November 23, 2007


Colombia Comeback: A “no-brainer” of a trade agreement. (Rich Lowry, 11/23/07, National Review)

Medellin is a microcosm of Colombia. President Alvaro Uribe has forged extraordinary security gains by taking the fight to the country’s hellish brew of left-wing guerrillas, their paramilitary opponents and narco-traffickers. The strength of the main guerrilla group, FARC, is down an estimated 40 percent from its peak, and more than 30,000 paramilitary fighters have been demobilized. Murders have dropped 40 percent from 2002 to 2006, and kidnappings almost 80 percent from 2000 to 2006.

But security is not enough. Colombia is awash in displaced people, chased from their homes by dueling guerrilla armies, and young men who have to be resocialized after lives of violence. They need jobs. That’s why the Colombia-U.S. Free Trade Agreement is so important. It is pending in Congress, where Democratic leaders might let it die in the gravest act of strategic short-sightedness since their attempted rebuke of Turkey.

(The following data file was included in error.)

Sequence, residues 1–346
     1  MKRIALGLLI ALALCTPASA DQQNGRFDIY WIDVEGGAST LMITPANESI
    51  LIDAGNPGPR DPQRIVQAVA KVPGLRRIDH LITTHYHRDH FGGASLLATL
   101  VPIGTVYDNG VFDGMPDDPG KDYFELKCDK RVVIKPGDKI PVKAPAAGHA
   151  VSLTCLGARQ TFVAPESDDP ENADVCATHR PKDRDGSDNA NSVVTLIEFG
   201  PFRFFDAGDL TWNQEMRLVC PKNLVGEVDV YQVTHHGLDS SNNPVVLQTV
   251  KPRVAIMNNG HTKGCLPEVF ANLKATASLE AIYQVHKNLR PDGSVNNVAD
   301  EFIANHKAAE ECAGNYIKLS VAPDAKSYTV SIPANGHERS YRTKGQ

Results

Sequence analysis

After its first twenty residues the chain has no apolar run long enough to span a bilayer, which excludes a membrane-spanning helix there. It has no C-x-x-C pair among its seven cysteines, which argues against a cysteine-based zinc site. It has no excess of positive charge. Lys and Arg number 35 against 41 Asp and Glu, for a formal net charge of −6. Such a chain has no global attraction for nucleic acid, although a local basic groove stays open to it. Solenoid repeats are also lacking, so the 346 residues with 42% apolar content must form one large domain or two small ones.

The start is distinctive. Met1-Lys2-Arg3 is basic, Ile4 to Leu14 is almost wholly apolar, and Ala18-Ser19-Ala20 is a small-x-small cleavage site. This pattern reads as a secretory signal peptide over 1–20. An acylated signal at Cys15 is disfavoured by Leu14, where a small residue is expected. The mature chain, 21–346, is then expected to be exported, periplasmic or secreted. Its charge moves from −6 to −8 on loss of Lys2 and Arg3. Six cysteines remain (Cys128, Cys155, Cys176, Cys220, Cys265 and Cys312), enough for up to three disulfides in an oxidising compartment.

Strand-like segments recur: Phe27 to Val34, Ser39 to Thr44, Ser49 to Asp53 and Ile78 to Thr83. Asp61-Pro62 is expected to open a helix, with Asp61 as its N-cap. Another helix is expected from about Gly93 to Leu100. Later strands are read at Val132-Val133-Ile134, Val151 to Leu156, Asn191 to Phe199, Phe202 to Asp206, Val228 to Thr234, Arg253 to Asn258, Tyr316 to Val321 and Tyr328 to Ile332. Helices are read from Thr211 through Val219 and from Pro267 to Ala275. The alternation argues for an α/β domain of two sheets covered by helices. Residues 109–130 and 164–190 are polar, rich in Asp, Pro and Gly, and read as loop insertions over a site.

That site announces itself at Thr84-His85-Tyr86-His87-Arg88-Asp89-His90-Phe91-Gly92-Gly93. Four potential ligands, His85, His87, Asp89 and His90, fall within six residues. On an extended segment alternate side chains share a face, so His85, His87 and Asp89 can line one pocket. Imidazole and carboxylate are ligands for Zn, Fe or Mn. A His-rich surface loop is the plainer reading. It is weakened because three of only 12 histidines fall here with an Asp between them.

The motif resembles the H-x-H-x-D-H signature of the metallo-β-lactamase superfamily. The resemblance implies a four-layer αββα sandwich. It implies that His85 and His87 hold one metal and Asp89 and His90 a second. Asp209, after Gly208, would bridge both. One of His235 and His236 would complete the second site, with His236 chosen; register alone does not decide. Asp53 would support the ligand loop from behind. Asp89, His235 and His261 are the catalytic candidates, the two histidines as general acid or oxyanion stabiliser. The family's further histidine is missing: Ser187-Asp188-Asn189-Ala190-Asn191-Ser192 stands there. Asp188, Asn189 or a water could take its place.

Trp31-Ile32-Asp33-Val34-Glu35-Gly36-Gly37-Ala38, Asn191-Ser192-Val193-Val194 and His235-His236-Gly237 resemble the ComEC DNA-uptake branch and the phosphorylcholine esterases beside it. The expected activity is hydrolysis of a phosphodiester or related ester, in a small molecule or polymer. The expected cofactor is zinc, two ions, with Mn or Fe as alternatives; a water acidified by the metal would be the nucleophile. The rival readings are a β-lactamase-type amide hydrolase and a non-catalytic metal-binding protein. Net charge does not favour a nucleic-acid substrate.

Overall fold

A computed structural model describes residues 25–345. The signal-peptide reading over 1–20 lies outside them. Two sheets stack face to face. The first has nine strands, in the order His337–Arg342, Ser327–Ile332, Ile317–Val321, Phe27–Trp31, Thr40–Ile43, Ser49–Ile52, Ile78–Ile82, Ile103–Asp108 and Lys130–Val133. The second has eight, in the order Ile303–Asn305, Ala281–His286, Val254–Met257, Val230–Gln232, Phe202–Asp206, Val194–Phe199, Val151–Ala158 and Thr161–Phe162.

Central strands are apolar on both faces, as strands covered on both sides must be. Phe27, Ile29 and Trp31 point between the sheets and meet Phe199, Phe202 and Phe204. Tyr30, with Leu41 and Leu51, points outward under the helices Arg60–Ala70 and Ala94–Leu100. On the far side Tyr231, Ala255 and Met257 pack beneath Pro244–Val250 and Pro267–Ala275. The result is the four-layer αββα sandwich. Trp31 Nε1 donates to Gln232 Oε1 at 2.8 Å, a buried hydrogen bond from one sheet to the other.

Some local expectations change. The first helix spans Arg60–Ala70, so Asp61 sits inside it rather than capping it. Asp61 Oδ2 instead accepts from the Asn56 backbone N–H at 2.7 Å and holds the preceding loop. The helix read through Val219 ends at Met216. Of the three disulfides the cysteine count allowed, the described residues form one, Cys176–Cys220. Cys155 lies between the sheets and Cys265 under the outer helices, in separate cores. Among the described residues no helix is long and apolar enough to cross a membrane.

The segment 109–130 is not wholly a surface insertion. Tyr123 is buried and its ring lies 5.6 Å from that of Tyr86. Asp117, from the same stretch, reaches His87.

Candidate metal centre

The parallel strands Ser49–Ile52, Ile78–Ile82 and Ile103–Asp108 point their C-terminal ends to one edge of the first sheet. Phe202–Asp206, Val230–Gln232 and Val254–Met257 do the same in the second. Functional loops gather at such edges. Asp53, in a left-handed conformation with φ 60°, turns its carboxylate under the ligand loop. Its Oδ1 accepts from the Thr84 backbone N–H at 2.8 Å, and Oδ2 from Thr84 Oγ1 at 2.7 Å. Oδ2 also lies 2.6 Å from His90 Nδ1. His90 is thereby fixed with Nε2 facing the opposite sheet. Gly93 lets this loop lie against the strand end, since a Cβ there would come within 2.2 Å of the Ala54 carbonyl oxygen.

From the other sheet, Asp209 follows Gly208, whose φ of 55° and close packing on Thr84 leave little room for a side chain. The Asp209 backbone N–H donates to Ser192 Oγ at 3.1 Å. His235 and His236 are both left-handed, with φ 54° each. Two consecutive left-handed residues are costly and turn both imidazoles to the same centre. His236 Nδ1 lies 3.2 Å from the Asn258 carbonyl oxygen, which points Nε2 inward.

Uribe is an ally of the United States and a wildly popular democratic leader who saved his country when it tottered on the brink of collapse. That Congress would kick him in the teeth strikes Secretary of Commerce Carlos Gutierrez, the Bush administration’s chief evangelist for the deal, as scandalously senseless. He escorts as many members of Congress as he can to Colombia, on the theory that when it comes to the greatest comeback story in the Americas, seeing is believing.

What the congressmen see is a Uribe resolved to confront his country’s problems. He takes this congressional delegation to a slum on the outskirts of Cartagena where shacks line dirt roads flooded with fetid water. He holds a town-hall meeting with residents who greet him rapturously but make plain their desperation for more housing and services. It’s as if President Bush showed up in the Lower Ninth Ward of New Orleans, willing to field all complaints.

The congressmen can’t help but be impressed. What holds Democrats back from supporting the trade agreement is union opposition back home.

One ought not underestimate the degree ton which the Democrats are also just acting out of spite at their side having lost the Cold War in Latin America to Ronald Reagan.

Posted by Orrin Judd at November 23, 2007 11:05 AM
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